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When is beloved horse is stolen and sold to a movie star, a young man travels to Hollywood.
At the annual horse auction at the Hacienda Vista Hermosa in Mexico, actors Greer Garson and Edward G. Robinson are among the bidders for a beautiful white stallion named Don Juan owned by Senor Rodriguez. Don Juan has been brought up by Rodriguez' foreman Pepe, who considers the horse his "son" and instructs him to "act sick" to discourage prospective buyers. Also at the auction is down-and-out movie director Ted Holt, who has followed Robinson to Mexico in hopes of convincing him to invest in his next film, which he hopes to produce in Mexico. When Robinson refuses Ted's request, the director decides to bid on Don Juan, hoping that he can use the horse as a bargaining tool with Robinson. Although Pepe offers the contents of his piggy bank for Don Juan, Ted outbids him and leads the sad-eyed horse away. Feeling sorry for Pepe, Garson suggests he follow his horse to Hollywood and gives him the address of Ted's studio and tickets to travel there. At the entrance to the studio, Pepe is told that although Ted no longer works there, he has stopped by to get a haircut. As Pepe waits for Ted, he meets Suzie Murphy, a disillusioned actress who cloaks her longing for a film career by expressing disdain for show business. Suzie mistakes Pepe for a shoeshine boy, and after he patches a hole in her shoe, she invites him for a drink at Kelly's Café, where she works as a dancer and waitress. After Pepe spots Ted in the studio parking lot, Ted tells him that Don Juan has lost all interest in mating and invites him to his mansion in Beverly Hills, where the horse sleeps on the billiard table. Upon seeing Pepe, the depressed horse perks up and Ted, feeling sorry for Pepe and "his son," invites Pepe to stay. Later, Pepe goes to Kelly's Café, where he costs Suzie her job by interrupting a gangland rumble dance she is performing because he thinks she is in danger. When Pepe invites the now jobless Suzie to come home with him, she is offended until she learns that he is staying with Ted, whose name she recognizes as a once well-regarded director. At the house, Pepe tries to convince Ted to hire Suzie to appear in his film, prompting Ted to conclude that Suzie is using Pepe to break into the movies. When Ted ridicules her unkempt appearance, she calls him a "drunken has-been" and storms out in tears. Experiencing remorse for his unkind words, Ted sends Pepe after her, and Pepe encourages Suzie to envision herself as a beautiful and successful dancer. Finding himself drawn to Suzie, Ted agrees to consider casting her in his picture. The following day, Ted visits Robinson at his office and offers Don Juan's stud service in exchange for financing the film. Although Ted swears that he has stopped gambling and drinking, Robinson turns him down when Ted insists on directing the project. With money he has earned from Don Juan's stud service, Ted puts Suzie under contract and announces that he is going to Las Vegas to try and interest investors in his project. Worried about his friend, Pepe hitchhikes to Las Vegas where he finds Ted drunk after being rejected for a loan. When Ted explains that he needs $250,000, Pepe pulls out his lucky bull's ear and offers him the contents of his piggy bank as a gambling stake in return for partnership in the picture. After Ted passes out, however, Pepe cashes in his savings and makes the rounds of the casino, winning at the slot machines, roulette, blackjack and craps table, then quitting only when he has raised $250,000. As promised, Ted makes Pepe his producer, but upon arriving home, Ted begins to worry that Suzie may not be able to carry the film. Soon after, filming begins in Acapulco, Mexico, where Suzie, Pepe and Ted attend a charity benefit hosted by French singer Maurice Chevalier. Suzie becomes upset when Ted begins dancing with an attractive woman, and when Pepe tries to comfort her, Suzie, out of gratitude, tells Pepe she loves him. Believing that Suzie harbors romantic feelings for him, Pepe consults Chevalier about love, and the singer advises him to wait "until bells ring out" to be sure she truly loves him. Soon after, Ted runs out of money and travels to Hollywood to raise additional funds. Suzie, who is angry at Ted because he continually insults Pepe's attempts to be helpful, again tells Pepe that she loves him, and when he hears the cathedral bells ring, he thinks of Chevalier's words and hurries to Mexico City to buy an engagement ring. When Ted returns, he regretfully informs Pepe that he had to sell Don Juan to Robinson to finance the picture. Pepe then reassures Ted that he will not be lonely because he is going to marry Suzie. Once Ted completes the picture, Robinson comes to Mexico to screen it and Suzie overhears him tell Ted that he was wrong to question Suzie's ability as a star. Suzie then realizes that Don Juan was the price Robinson exacted for allowing her to star in the film and reconciles with Ted. In the theater lobby, Pepe tells Robinson that he is going to marry Suzie and Robinson replies that Suzie is in love with Ted. Heartbroken, Pepe hands the ring to Robinson and asks him to give it to Suzie and Ted as a wedding present. When Robinson presents the ring to Suzie and Ted, Suzie realizes that Pepe has misunderstood her feelings, and Ted refuses to sell Robinson control of the film unless he returns Don Juan to Pepe. All ends happily when the picture is a success and Don Juan makes Pepe a "grandfather."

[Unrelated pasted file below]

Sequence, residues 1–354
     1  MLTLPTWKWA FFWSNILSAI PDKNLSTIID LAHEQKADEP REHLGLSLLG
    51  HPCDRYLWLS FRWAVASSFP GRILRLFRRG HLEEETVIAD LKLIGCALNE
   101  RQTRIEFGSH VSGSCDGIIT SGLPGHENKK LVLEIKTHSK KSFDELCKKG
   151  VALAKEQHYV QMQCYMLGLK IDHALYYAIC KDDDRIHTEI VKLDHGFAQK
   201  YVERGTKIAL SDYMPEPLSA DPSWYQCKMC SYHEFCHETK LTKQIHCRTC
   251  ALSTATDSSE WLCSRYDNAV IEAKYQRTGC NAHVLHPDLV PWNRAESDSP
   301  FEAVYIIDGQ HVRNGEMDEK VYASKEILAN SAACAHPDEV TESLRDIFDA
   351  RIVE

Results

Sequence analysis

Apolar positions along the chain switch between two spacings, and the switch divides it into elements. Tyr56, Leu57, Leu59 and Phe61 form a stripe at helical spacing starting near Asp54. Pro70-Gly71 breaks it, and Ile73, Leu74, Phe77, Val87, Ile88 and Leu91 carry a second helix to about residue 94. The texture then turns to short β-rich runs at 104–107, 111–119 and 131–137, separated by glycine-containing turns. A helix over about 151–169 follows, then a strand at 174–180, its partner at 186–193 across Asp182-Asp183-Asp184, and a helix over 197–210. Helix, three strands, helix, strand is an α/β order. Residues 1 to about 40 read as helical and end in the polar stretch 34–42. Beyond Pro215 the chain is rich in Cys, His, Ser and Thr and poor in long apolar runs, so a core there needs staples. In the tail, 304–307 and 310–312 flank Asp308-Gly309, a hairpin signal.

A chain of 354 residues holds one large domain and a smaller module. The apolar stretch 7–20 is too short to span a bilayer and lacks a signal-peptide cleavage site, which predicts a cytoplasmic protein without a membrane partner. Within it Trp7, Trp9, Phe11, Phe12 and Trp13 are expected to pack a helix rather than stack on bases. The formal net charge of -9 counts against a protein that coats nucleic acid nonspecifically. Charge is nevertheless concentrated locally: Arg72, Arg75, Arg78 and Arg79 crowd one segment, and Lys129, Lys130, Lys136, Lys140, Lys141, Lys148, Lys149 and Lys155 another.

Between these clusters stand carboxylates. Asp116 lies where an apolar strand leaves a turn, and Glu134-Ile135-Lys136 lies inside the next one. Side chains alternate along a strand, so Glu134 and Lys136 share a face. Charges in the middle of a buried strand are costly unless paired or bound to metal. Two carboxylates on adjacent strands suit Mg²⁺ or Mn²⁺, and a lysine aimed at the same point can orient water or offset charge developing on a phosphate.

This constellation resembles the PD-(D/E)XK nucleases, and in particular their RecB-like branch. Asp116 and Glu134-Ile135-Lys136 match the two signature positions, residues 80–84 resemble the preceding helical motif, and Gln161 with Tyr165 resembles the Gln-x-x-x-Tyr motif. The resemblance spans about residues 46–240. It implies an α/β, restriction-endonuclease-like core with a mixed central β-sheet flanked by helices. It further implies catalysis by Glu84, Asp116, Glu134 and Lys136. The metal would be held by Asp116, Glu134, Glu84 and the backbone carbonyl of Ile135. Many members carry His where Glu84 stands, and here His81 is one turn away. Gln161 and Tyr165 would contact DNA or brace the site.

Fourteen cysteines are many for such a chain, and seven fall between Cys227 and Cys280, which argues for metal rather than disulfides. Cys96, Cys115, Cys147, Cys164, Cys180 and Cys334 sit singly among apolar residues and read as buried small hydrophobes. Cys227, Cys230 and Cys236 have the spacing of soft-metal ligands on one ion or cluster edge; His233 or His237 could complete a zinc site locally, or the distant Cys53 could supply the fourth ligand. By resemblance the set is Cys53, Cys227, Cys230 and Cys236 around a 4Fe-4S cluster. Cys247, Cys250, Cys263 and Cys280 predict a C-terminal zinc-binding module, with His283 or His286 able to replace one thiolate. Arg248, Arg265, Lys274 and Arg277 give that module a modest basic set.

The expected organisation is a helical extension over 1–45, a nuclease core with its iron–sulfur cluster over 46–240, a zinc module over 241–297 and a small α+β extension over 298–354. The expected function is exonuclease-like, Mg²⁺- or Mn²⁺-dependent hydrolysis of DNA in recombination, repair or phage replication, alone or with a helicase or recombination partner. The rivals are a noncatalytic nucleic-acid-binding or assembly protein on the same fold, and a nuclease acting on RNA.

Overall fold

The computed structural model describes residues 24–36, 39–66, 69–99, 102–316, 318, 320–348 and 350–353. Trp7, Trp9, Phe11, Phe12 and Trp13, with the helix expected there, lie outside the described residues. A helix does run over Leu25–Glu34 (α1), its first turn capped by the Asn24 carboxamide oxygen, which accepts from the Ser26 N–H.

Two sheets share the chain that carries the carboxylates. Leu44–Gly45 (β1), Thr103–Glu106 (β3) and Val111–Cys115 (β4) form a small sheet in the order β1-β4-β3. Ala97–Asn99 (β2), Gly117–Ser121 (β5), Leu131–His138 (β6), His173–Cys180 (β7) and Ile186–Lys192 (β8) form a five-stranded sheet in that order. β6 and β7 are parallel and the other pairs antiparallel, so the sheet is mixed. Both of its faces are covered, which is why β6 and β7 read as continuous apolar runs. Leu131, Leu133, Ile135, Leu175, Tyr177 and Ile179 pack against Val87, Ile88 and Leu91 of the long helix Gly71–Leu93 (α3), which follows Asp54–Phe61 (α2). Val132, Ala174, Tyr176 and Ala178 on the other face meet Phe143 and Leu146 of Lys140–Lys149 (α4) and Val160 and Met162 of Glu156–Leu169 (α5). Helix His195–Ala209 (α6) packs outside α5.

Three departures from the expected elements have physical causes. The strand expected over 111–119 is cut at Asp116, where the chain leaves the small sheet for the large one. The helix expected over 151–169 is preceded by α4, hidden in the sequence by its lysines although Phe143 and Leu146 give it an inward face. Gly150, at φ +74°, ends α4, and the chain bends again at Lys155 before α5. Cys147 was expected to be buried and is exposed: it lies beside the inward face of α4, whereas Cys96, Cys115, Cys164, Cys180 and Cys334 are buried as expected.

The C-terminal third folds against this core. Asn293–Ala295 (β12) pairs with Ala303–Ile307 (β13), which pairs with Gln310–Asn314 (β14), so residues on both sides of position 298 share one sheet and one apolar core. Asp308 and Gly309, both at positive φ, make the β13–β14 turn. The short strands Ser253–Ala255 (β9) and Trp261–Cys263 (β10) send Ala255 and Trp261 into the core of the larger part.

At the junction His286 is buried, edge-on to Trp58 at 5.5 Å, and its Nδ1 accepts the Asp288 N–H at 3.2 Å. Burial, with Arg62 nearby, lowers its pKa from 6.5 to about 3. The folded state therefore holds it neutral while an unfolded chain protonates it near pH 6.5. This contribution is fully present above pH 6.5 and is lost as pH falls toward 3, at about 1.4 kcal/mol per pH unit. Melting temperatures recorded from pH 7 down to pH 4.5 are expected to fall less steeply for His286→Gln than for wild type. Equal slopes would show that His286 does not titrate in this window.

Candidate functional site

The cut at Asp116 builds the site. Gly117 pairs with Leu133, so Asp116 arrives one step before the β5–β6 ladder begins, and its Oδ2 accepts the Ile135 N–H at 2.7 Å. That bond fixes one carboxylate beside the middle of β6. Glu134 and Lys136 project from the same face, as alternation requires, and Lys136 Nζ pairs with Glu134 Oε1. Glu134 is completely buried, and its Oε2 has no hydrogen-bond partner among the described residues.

Cast & Crew
|MPAA Ratings:||Premiere Info:||World premiere in New York: 21 Dec 1960; Los Angeles premiere: 27 Dec 1960|
|Release Date:||1961||Production Date:||
[Spec seq photog in Cinemascope]
EB - loaner
|Color/B&W:||Color||Distributions Co:||Columbia Pictures Corp.|
|Sound:||Mono||Production Co:||George Sidney International Pictures, Inc., Posa Films Internacional, S.A.|
|Duration(mins):||180||Country:||Mexico and United States|
Leonard Maltin Ratings & Review
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User Ratings & Review
Too Many Assets to be Suppressed
Even with its flaws, and there are numerous, this movie has too many great hollywood icons and too many comical and endearing moments (primarily due to...
For whole families & horse lovers
I honestly camped out in my neighborhood theatre during Pepe's run ~ at least my family knew where I was! Delightful, special photography using...
A Child's memory
Robert Ozuna 2012-07-29
I first saw this movie the year it was released to the theaters. My parents took all of us kids to see it and we absolutely loved it! Later in life I was...